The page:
Natural Community Systems -- Photo Guide

Alpine/subalpine bog system

Alpine/subalpine bog system at Star Lake in the Presidential Range (photo by Ben Kimball for the NH Natural Heritage Bureau)
alpine/subalpine bog system at Star Lake in the Presidential Range (photo by Ben Kimball)

Alpine/subalpine bog system on Shelburne-Moriah Mtn. (photo by Ben Kimball for the NH Natural Heritage Bureau)
alpine/subalpine bog system on Shelburne-Moriah Mtn. (photo by Ben Kimball)

hikers traverse an alpine/subalpine bog system on Mt. Success in NH (photo by Ben Kimball for the NH Natural Heritage Bureau)
hikers traverse an alpine/subalpine bog system on Mt. Success in NH (photo by Ben Kimball)

  

Description:  This system includes sloping and level peatlands that occur in the subalpine and alpine zone from 2,9004,900 ft. elevation in the White Mountains.  They are small (less than an acre to several acres max.) and occur in concavities on ridges, and on moderate to steep slopes over bedrock where some combination of limited drainage, high precipitation amounts (partly due to cloud-intercept in the subalpine climate), late-melting snowpacks, and self-maintaining Sphagnum (peat moss) mats contribute to peat accumulation.  Sloping peatlands are largely restricted to northern climates, and in New Hampshire they are restricted to the White Mountains and the northern part of the state.  Here the cold wet climate and low evapotranspiration combine to allow peat to accumulate on sloping ground.  Alpine/subalpine bog systems are dominated primarily by lowland bog plants found in poor level fen/bog systems, but are distinguished from them by alpine and subalpine plants.

Alpine/subalpine bog systems contain one or more of three peatland community types (see below).  While sloping peatlands are a unique characteristic of some alpine/subalpine peatlands, degree of wetness appears to be a more important determinant of species composition and natural community type than slope per se.  Many examples of this system contain both alpine/subalpine bogs (very poorly drained concavities and occasionally on slopes) and wooded subalpine bog/heath snowbanks (sloping to level ground, less wet, more black spruce and balsam fir, but still with thick, peaty organic soils).  The wet bogs have several wet-site bog species that are absent in wooded subalpine bog/heath snowbanks.  The wooded subalpine bog/heath snowbanks occur as a border zone around wetter bogs or in association with late melting snowbank areas, and have more black spruce and balsam fir.  Subalpine sloping fens are boggy peat mats on the brow of some high elevation cliffs that are subject to sloughing off the cliff-edge, and contain the rare Calamagrostis pickeringii (Pickering's reed bent-grass).


Diagnostic natural communities:

      • Alpine/subalpine bog (S1)

      • Wooded subalpine bog/heath snowbank (S1S2)

      • Subalpine sloping fen (S1)


Landscape settings: concavities on ridges and on moderate to steep slopes over bedrock in subalpine and alpine zones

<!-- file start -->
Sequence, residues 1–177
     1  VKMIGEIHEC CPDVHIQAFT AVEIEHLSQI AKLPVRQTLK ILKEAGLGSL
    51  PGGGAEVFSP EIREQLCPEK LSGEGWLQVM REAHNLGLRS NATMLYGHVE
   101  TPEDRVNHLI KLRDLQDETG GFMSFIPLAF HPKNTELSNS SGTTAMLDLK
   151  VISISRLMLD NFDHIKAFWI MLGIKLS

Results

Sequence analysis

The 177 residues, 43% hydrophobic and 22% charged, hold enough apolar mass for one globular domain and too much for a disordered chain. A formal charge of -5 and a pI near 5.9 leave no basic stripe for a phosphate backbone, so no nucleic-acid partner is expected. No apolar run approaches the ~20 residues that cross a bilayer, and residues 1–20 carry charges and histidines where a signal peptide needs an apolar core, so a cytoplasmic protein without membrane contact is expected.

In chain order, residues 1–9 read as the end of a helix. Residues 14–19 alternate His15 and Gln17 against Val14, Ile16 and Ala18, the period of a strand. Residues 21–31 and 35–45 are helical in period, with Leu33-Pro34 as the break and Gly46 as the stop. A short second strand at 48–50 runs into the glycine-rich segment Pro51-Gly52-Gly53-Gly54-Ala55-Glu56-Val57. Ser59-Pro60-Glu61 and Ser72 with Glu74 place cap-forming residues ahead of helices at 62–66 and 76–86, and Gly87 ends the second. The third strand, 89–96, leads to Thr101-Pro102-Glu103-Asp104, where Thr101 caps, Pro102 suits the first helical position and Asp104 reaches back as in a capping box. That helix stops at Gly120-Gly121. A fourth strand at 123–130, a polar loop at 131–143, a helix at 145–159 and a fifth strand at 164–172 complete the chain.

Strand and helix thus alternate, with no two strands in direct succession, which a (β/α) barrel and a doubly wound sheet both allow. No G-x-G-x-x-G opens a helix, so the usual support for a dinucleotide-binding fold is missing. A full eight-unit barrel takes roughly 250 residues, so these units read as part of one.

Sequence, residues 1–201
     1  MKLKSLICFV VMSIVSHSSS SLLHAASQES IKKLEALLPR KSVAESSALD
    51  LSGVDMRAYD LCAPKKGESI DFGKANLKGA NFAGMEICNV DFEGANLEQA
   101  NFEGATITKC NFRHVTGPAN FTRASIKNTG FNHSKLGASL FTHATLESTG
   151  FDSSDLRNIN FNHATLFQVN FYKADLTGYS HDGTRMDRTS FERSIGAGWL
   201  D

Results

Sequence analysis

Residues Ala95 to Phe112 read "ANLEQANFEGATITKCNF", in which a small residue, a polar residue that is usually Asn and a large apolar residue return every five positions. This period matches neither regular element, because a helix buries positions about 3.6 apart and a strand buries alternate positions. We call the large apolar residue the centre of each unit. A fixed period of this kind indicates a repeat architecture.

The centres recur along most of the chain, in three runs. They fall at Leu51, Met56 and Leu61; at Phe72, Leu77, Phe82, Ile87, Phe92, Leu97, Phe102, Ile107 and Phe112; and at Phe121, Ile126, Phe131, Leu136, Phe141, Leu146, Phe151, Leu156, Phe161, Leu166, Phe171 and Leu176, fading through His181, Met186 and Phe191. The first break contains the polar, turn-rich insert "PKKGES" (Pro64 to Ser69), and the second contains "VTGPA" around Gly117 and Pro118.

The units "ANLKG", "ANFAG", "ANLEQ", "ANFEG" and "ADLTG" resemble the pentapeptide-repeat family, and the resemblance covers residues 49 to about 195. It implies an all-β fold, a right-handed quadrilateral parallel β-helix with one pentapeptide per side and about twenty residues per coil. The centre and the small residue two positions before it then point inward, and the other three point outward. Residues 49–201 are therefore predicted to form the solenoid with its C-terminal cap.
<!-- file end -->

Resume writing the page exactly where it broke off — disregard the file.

Soils: poorly to moderately well decomposed peat soils over bedrock, generally less than 75 cm deep; oligotrophic; pHs less than 4.0; topogenous to soligenous water sources

Spatial pattern: small patch (<15 ac); circular to irregular shape; concentric zonation or uniform

Physiognomy: dwarf shrub and moss/liverwort lawns

Distribution: restricted to the White Mountains


Characteristic species: Species characteristic of alpine bogs but absent or rare in poor level fen/bogs of lowlands:

Alpine/subalpine bog
   Trees – absent or sparse 

   
Dwarf shrubs 
      Alpine/subalpine indicators:
      Vaccinium uliginosum (alpine bilberry)
      Empetrum nigrum (black crowberry)
      Rubus chamaemorus (baked apple berry)
      Vaccinium vitis-idaea (mountain cranberry)

   Other dwarf shrubs:
      Vaccinium oxycoccos (small cranberry) 
      Kalmia polifolia (bog laurel)
      Ledum groenlandicum (Labrador tea) 
      Chamaedaphne calyculata (leatherleaf) -- >10%
      Kalmia angustifolia (sheep laurel) -- <10%

   
Herbs
      Eriophorum vaginatum (hare's-tail)
      Scirpus cespitosus (tussock bulrush)

   
Bryophytes and lichens
      Peat mosses -- constant & abundant
      Sphagnum fuscum (peat moss)
      Sphagnum capillifolium (peat moss)
      Cetraria islandica (lichen)
      Cladina rangiferina (lichen)

Wooded subalpine bog/heath snowbank:   
   
Trees – prominent 
      Picea mariana (black spruce)
      Abies balsamea (balsam fir)

   
Dwarf shrubs
      Alpine/subalpine indicators:
      Vaccinium uliginosum (alpine bilberry)
      Empetrum nigrum (black crowberry)
      Rubus chamaemorus (baked apple berry) -- mostly absent
      Vaccinium vitis-idaea (mountain cranberry)
      Other dwarf shrubs:
      Ledum groenlandicum (Labrador tea) 
      Chamaedaphne calyculata (leatherleaf) -- <10%
      Kalmia angustifolia (sheep laurel)

   
Bryophytes and lichens
      Peat mosses -- less frequent & abundant
      Cetraria islandica (lichen)
      Cladina rangiferina (lichen)


Associated natural community systems:  In parts of the White Mountains alpine/subalpine bog systems form a mosaic with subalpine heath/krummholz systems that have collectively been referred to as “heath balds.”  These heath balds occur mostly below 4,000 ft. elevation on flat to gently sloping ridgetops of the Mahoosuc, Carter-Moriah, and Baldface Ranges.  Smaller examples are found in several other scattered locations.  Otherwise alpine/subalpine bog systems are found either within the higher elevation alpine tundra system mosaic in the Presidential Range, or embedded as patches within high-elevation spruce-fir forest systems.



back to NH Natural Community Systems list